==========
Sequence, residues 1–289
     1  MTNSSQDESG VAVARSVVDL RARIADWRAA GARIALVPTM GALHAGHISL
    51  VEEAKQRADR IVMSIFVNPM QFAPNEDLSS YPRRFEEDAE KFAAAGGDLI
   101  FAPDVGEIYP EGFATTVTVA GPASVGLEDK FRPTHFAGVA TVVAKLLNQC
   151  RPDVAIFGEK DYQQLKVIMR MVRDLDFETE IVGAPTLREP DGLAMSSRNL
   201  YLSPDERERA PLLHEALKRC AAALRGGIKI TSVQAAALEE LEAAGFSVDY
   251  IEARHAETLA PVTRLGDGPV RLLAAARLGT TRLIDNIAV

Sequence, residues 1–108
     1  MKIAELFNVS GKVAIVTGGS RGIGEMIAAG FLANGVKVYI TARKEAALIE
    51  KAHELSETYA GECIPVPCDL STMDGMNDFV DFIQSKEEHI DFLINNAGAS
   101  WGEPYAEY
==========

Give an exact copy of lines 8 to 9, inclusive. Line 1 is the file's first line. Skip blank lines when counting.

Sequence, residues 1–108
     1  MKIAELFNVS GKVAIVTGGS RGIGEMIAAG FLANGVKVYI TARKEAALIE